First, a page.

-- Update 12/30/07 --
John Revier, Simpson's Deputy Chief of Staff, provided the latest on INL's funding numbers for 2008. See below. Complete numbers and legislative language also found here.
Idaho Congressman Mike Simpson had some good news, and some practical advice, for an audience of Idaho Falls business leaders this week. Simpson said the now complete congressional appropriation process had been good for the Idaho National Laboratory (INL). In fact, he said, it was one of the better years for the lab, and he listed some of the funded line items that matter most to the nuclear energy research facility.The fifth term congressman also had a cautionary note pointing out the reform of nuclear weapons labs like Los Alamos will create "grueling competition" for federal dollars in the coming year. Simpson is a member of the House Appropriations Committee which puts him right in the middle of the fight.
Bringing home the bacon
He told the business and community leaders, and the lab's leadership, they need to get back to Washington to tell their story. That's what they did this year and it paid off. Top nuclear items funded for 2008 include; [corrected 12/30/07]
- $116M for NGNP at INL
- $117M for development of INL's nuclear facilities including a $9.8 million increase to support the Advanced Test Reactor as a "user facility"
- $135M for DOE 2010 program up $21M from President's request
Simpson said Rep. Peter Visclosky, D-IN, chairman of the House Appropriations Energy & Water subcommittee, is "pro-nuclear" and supports development and construction of a high temperature gas cooled reactor (HTGR) in Idaho. Also, he supports development of ATR as a "user facility." The one other piece of good news Simpson reported is that Congress supports further consolidation of the PU 238 program in Idaho which is used to make nuclear batteries for NASA's deep space missions.The Idaho Cleanup Project, which is separate from the INL's nuclear R&D work, received $513 million, a $9 million increase. The 7-year, $2.9 billion cleanup project, funded through the DOE's Office of Environmental Management, focuses equally on reducing risks to workers, the public, and the environment and on protecting the Snake River Plain.
While Simpson didn't say it, the clear message is that these funding increases show Idaho's lab enjoys bipartisan support on the energy & water subcommittee and that the lab's leadership and business leaders must work both sides of the aisle to keep the funding flowing.
Congress kicked GNEP to the curb
But bi-partisan support for advanced nuclear programs only goes so far. Although the Global Nuclear Energy Partnership (GNEP) is also important to the lab, Simpson says Congress did not support GNEP funding "because DOE does not have a vision for it." The final funding level was halved from the President's request. Another reason GNEP was cut, Simpson said, is that industry is not onboard with GNEP because it has nothing to do with the commercial future of nuclear power.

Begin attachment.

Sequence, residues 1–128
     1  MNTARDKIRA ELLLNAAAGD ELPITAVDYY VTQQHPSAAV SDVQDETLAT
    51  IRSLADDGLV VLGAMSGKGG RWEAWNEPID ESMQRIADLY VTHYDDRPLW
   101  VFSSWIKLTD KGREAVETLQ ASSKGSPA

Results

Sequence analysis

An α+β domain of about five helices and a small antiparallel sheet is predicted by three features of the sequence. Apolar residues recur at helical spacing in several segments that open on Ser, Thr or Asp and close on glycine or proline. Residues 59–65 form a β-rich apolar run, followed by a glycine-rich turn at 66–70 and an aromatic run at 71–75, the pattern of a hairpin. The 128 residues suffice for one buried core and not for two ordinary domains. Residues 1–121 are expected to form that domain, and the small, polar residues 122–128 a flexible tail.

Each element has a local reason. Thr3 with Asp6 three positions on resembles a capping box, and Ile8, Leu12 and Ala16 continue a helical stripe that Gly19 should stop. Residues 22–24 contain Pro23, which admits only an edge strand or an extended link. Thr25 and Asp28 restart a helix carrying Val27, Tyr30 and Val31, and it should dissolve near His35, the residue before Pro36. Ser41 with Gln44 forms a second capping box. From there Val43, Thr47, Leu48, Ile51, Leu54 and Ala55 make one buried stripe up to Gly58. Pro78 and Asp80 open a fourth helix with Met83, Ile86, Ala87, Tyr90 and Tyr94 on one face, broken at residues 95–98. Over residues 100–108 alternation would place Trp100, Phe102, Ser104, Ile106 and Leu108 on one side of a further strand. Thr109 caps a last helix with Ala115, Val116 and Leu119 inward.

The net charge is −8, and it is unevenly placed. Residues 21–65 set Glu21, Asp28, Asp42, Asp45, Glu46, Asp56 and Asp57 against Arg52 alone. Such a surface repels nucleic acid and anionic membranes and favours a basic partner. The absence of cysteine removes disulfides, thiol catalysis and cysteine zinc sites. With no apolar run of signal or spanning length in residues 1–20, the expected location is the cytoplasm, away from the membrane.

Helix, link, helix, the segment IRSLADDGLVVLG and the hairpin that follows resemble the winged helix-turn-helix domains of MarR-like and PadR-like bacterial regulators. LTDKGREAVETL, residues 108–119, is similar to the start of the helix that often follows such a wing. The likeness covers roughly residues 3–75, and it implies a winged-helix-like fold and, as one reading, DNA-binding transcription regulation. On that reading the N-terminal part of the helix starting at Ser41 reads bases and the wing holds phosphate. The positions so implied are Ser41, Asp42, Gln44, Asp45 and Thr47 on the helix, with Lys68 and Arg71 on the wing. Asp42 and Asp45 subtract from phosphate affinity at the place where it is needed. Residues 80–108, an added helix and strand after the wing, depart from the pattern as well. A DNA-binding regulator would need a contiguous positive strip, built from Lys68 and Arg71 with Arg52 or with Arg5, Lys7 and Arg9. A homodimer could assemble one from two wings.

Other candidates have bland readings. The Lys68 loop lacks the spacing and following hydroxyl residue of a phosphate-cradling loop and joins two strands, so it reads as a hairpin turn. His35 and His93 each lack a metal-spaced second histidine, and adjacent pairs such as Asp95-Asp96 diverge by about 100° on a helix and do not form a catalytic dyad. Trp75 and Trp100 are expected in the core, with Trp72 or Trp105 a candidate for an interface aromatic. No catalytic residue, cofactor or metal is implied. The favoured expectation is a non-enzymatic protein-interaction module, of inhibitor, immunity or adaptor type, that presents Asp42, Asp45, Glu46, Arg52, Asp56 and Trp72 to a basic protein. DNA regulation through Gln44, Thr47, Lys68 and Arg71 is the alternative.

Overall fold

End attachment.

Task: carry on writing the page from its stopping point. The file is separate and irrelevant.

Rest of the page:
Democrats will need to recognize the role of nuclear energy
Simpson praised the work of the INL generally, and said nuclear energy is really important as a means to address global warming. He cautioned not everyone agrees and pointed out Democrats have a problem supporting nuclear energy because the environmental movement is part of their political base. In response to a question, he said Hilary Clinton will lose votes in the primaries if she says anything pro-nuclear.However, Simpson noted that Patrick Moore, the founder of Greenpeace, now supports nuclear energy. Simpson asserted that, "the U.S. uses 25% of world's energy, but also creates 25% of the wealth. I think the two might be related." He expressed the hope that when the presidential election is over, that the new administration will have a reasonable approach to nuclear energy.
Community support is a crucial element for funding
Simpson, who was speaking at a quarterly breakfast meeting of the Partnership for Science & Technology (PST), a pro-nuclear group in Idaho Falls, said that community support is one of the best ways to bring new nuclear projects to the Idaho Falls area. The INL is one of the largest employers in Idaho.
Earlier in the meeting Lane Allgood, Director of PST, reported Idaho Falls turned out 750 people at a GNEP hearing in Idaho Falls last March. He said that Idaho Falls had more positive community response that any other DOE community. Simpson told Allgood and the audience to "keep it up." Perhaps more than any other comment, this one says Simpson's message is clear. You must be tenacious in your advocacy for the future of the INL. If you're not others can and will eat your lunch.
That audience included local political leaders, the DOE field office manager, the INL lab director, and executives from most of the contractors that work for the lab. Simpson told them his advice is that there are a lot of countries that want to get nuclear energy projects going because of global warming and that the INL should reach out to them.
Watch out for wing nuts
Simpson also cautioned that 2008 "will not be a productive year" in Congress because it is a presidential election year. He said political parties always shift gears to draw in their most ardent supporters during the primary season and this encourages the "wing nuts" in both parties. He said there are 30 or so on each side of the aisle and some of them don't want a government that works.
He said on balance he is encouraged by the 300 or so members of Congress who know there are common sense things that government ought to do and that these representatives want to get work done.